SN-4 (Green-5): This node controls the heat sensors and fire systems in the building. It appears as a small, unlit brazier and tending utensils. SN-5 (Green-5): This node controls the building's environment (heating and A/C). It appears as a "DiVinci"style contraption routing cold and warm air as needed. SPU-3 (Green-5, Access 2, Killer 3): The editorial processor again appears as the hexagonal tower, but this time it is "guarded" by a scribe seated at a desk. On that desk are many huge volumes identifying all those who are allowed access to the tower. DS- 3-11 (Green-5, Scramble 4): These datastores are accessible to the entire editorial staff, junior and senior editors alike. It is here that the important Sylvan files will be found. They appear as library rooms. I/O 3-26 (Green-5): These 24 I/O terminals are located in the junior editors' area on the first floor. Like the other 1/ O nodes in this system, they appear as crystal balls. I/O 27-32 (Green-5): The six VIPs of the company, including the Senior Editors, use these terminals. I/O 27 Mei Lei Fujiwara I/O 28 Sylvia Green I/O 29 Mark Fathom I/O 30 Elrand Gylgalad I/O 31 Ngon Dinh Sum I/O 32 Malachi Morgan CPU-1 (Red-8, Access 5, Black IC 6, Trace And Report 6): The CPU appears as a large castle guarded by a humanoid black Dragon who lurks in the ramparts atop the castle walls. The Access program manifests as numerous Elven knights lining the path to the castle.

JACKING IN Once the shadowrunners are inside the Sylvan building. they can jack into the computer system from any of 30 different points. Of the gray and black IC encountered inside the Sylvan system, each variety of IC appears as a different beast or pack of beasts. Gray IC Blaster IC will appear as 1D4+1 coyotes. Coyotes nip and nibble at their foes, but major damage, that is, dumping the decker's persona and frying his deck, is done by howling after their victims have been subdued. Killer IC will appear as 1D3 wolverines. Wolverines simply shred the personas, stunning the decker and his hitchhikers if it succeeds. Trace IC takes the form of a fox. The fox does not fight, but instead darts off into the woods. Follow the normal Trace rules from the Shadowrun rules. Black IC Black IC appears as one vaguely humanoid black Dragon (Imagine a Dragon of Human configuration, but complete with tail and vestigial wings.) It has ebony-black scales on its back and head, shading to a dark, cloudy gray on the inner sides & limbs and torso. The black Dragon also behaves like a magician capable of fireballs and other offensive spelicasting. The black, Dragon merely wants to kill any unauthorized intruder in the Sylvan Forest. EXPLORING THE SYLVAN SYSTEM The shadowrunners must enter the Sylvan system through the SAN, an I/O node in a junior editor's cubicle, or through an I/O node in one of the second-floor offices.

They will seem to be in a forest while inside the system. The forest teems with life; birds flit from tree to tree, squirrels run and leap, clouds of insects hover over small pools of water, frogs hop, snakes slither. Talk it up good. Most of these actions represent the normal ebb and flow of electronic communication within the system. Other systems show such minutiae as walls of light or swiftly changing letters and numbers. Have a blue jay divebomb the group or have gnats bite at their faces. Go ahead and make them nervous, but only the four creatures described above are actually hostile. To really rattle the characters, have a bear come up alongside them on a parallel path or let them spot a sasquatch watching them through a thicket of leaves.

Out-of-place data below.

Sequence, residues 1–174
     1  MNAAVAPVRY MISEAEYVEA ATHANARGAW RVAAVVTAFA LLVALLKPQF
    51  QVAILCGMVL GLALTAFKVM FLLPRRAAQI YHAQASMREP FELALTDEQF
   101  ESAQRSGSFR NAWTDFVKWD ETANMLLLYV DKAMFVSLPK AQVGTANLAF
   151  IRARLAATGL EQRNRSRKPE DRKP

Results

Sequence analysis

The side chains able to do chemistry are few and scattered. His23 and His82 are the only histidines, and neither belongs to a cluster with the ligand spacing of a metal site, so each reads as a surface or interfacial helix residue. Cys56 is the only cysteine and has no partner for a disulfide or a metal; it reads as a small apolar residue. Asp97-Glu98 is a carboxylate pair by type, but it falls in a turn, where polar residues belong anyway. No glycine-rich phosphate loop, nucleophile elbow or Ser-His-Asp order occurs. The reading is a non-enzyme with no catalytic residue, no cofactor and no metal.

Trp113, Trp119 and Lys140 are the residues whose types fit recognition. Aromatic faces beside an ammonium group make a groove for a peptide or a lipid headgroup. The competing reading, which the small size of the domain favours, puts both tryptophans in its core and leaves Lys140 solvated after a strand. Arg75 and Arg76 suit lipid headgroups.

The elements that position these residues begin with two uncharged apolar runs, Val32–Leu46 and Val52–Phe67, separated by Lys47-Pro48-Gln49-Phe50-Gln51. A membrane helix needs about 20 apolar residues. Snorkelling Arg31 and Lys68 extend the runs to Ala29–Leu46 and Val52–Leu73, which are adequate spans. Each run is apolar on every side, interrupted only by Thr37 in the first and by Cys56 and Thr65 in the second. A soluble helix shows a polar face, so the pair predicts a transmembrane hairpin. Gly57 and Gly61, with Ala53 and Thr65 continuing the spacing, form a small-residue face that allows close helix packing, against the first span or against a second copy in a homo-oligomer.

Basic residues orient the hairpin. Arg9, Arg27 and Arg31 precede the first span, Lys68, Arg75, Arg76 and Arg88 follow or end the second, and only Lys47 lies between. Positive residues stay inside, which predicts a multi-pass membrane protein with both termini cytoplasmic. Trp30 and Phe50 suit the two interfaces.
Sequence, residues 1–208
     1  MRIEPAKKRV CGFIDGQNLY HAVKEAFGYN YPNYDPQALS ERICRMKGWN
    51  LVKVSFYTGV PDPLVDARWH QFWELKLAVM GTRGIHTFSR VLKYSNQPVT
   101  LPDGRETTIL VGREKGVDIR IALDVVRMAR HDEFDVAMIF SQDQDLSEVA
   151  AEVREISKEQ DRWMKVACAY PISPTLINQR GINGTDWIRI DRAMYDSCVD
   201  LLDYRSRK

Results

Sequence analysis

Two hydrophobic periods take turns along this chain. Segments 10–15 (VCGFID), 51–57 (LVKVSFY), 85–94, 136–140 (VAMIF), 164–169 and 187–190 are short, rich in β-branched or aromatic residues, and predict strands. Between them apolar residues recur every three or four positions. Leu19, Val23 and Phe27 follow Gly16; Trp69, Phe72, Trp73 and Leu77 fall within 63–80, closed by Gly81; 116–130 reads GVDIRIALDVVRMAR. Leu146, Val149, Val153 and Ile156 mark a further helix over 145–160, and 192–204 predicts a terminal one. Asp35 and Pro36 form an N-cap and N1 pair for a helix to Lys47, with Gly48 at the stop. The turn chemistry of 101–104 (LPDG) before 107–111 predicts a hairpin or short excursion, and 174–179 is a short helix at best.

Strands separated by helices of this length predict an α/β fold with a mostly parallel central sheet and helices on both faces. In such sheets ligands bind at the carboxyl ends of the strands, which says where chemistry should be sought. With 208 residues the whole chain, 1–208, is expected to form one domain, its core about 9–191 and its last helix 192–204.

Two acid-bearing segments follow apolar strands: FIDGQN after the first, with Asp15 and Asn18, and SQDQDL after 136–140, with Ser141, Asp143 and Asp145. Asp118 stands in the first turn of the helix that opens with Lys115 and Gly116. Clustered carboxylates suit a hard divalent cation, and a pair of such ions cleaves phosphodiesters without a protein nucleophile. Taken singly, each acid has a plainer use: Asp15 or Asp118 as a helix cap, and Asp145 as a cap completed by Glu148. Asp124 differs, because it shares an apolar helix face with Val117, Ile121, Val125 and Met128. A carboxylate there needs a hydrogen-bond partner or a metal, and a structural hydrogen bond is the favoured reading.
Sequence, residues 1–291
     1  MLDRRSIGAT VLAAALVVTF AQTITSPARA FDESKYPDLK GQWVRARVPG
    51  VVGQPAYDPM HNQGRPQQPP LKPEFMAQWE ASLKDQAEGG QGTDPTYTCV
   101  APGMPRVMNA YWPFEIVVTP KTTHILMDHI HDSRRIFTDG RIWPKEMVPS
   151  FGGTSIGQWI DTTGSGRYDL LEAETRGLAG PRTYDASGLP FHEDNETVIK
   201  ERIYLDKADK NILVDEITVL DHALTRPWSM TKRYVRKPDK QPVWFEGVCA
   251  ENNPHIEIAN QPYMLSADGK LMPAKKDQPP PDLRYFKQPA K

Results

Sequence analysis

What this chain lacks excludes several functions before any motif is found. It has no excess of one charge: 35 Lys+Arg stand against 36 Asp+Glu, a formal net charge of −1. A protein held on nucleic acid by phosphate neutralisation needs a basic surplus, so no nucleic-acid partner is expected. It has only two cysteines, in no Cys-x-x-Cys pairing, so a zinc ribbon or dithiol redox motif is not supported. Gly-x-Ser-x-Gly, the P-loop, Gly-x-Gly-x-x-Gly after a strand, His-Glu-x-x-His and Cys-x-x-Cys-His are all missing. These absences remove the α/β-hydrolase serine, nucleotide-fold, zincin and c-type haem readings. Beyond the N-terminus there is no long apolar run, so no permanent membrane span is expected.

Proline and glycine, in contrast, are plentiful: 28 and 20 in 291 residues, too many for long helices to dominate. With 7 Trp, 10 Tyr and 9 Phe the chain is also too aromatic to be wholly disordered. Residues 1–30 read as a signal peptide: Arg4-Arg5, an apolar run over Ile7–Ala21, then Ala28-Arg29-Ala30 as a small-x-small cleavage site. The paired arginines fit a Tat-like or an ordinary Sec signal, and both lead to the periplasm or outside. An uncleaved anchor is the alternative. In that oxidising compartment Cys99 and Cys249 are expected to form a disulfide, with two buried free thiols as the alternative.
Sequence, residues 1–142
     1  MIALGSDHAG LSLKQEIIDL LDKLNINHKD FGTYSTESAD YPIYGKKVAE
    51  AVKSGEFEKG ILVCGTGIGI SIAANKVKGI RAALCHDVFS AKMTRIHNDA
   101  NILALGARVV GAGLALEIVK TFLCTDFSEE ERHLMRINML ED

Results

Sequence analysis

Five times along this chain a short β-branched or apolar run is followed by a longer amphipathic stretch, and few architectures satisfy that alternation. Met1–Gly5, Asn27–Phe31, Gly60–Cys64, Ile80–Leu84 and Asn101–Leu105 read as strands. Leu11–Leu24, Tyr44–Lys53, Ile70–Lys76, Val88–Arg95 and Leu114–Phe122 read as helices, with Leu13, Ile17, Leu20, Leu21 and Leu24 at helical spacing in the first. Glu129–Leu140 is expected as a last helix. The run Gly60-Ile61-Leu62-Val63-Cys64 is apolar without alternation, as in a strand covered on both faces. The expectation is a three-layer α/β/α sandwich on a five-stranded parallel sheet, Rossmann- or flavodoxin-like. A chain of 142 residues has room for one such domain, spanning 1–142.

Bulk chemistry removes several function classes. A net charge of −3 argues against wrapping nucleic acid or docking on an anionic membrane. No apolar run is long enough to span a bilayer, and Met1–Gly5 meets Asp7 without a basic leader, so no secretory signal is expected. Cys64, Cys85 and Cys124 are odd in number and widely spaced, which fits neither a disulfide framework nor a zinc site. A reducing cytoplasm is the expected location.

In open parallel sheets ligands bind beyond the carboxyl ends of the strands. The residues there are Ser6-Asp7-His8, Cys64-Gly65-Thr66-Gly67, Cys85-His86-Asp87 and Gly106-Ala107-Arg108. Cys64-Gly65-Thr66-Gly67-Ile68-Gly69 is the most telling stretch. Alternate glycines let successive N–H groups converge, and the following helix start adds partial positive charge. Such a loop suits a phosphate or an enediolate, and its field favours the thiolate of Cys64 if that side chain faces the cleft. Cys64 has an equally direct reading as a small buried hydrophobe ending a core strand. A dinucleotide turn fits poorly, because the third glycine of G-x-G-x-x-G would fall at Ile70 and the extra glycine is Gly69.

Successes 1

Searching Files The Sylvan system contains hundreds of files. They are grouped into nine categories. Though almost any file might be worth a few hundred or thousand nuyen on the street to the right people, only a couple deserve special consideration. If the players can find the important ones, give them extra Karma Points at the adventure's conclusion. The file types are: 1. Music (DS-3) 2. Simsense (DS-4) 3. Dynabooks (DS-5) 4. Graphic Publications (DS-6) 5. Administrative (DS-7) 6. Personnel (DS-8) 7. Artists (DS-9) 8. Restricted (DS- 10) 9. Miscellaneous (DS-11) Important files that can be located include: File 6-001 contains the records of Malachi Morgan; File 6002 covers Ngon Dinh Sum; 6-003 covers Elrand Gylgalad; 6004 covers Mark Fathom; 6-005 covers Sylvia Green; 6-006 covers Mei Lei Fujiwara. Each file is linked to its corresponding file in section 9 showing safe combinations (ex: 6-005 links to 9-205). The gamemaster can put anything he wants into the other editors' safes, as the only really important one is Sylvia Green's. File 8-007 is large, about 240 Mp. It contains generations of genealogical and biomedical data on dozens of families. The oldest piece of information in the file is dated 1834. The file is structured in an elaborate data base, with each family's records occupying one block of data. All the blocks contain a final entry stating " Surveillance Terminated" and listing a date ranging from 14 months to 40 years ago. Each family/data block seems to be focused on a single individual or closely related members of a group. If an investigating character makes a successful Perception (10) Test, he will notice that all surveillance and monitoring stops at the point where a medical report indicates a serious illness or when the subject(s) in question reach their late thirties or early forties. If a full search of the data is made, it will become obvious that one data block has been deleted. If the decker (or another programmer) makes a successful Computer (12) Test, he can learn the information given on the Success Table below.